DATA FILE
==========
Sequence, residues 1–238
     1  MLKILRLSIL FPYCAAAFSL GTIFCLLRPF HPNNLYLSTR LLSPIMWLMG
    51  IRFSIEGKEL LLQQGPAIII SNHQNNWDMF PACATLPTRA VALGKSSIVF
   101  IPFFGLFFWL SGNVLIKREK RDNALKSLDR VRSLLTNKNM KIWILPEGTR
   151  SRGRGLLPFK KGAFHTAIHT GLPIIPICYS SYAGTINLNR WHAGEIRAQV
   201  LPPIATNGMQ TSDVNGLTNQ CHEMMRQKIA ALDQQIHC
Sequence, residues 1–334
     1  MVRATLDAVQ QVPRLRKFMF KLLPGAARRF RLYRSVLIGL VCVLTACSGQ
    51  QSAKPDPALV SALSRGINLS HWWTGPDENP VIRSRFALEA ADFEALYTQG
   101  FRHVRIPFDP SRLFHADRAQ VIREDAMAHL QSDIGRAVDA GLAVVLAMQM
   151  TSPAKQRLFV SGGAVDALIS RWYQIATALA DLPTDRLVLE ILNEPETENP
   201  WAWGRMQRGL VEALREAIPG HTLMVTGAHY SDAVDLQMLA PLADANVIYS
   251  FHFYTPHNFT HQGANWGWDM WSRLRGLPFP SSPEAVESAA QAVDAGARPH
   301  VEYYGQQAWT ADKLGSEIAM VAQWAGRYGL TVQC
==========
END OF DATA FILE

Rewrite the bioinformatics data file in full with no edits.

Sequence, residues 1–238
     1  MLKILRLSIL FPYCAAAFSL GTIFCLLRPF HPNNLYLSTR LLSPIMWLMG
    51  IRFSIEGKEL LLQQGPAIII SNHQNNWDMF PACATLPTRA VALGKSSIVF
   101  IPFFGLFFWL SGNVLIKREK RDNALKSLDR VRSLLTNKNM KIWILPEGTR
   151  SRGRGLLPFK KGAFHTAIHT GLPIIPICYS SYAGTINLNR WHAGEIRAQV
   201  LPPIATNGMQ TSDVNGLTNQ CHEMMRQKIA ALDQQIHC
Sequence, residues 1–334
     1  MVRATLDAVQ QVPRLRKFMF KLLPGAARRF RLYRSVLIGL VCVLTACSGQ
    51  QSAKPDPALV SALSRGINLS HWWTGPDENP VIRSRFALEA ADFEALYTQG
   101  FRHVRIPFDP SRLFHADRAQ VIREDAMAHL QSDIGRAVDA GLAVVLAMQM
   151  TSPAKQRLFV SGGAVDALIS RWYQIATALA DLPTDRLVLE ILNEPETENP
   201  WAWGRMQRGL VEALREAIPG HTLMVTGAHY SDAVDLQMLA PLADANVIYS
   251  FHFYTPHNFT HQGANWGWDM WSRLRGLPFP SSPEAVESAA QAVDAGARPH
   301  VEYYGQQAWT ADKLGSEIAM VAQWAGRYGL TVQC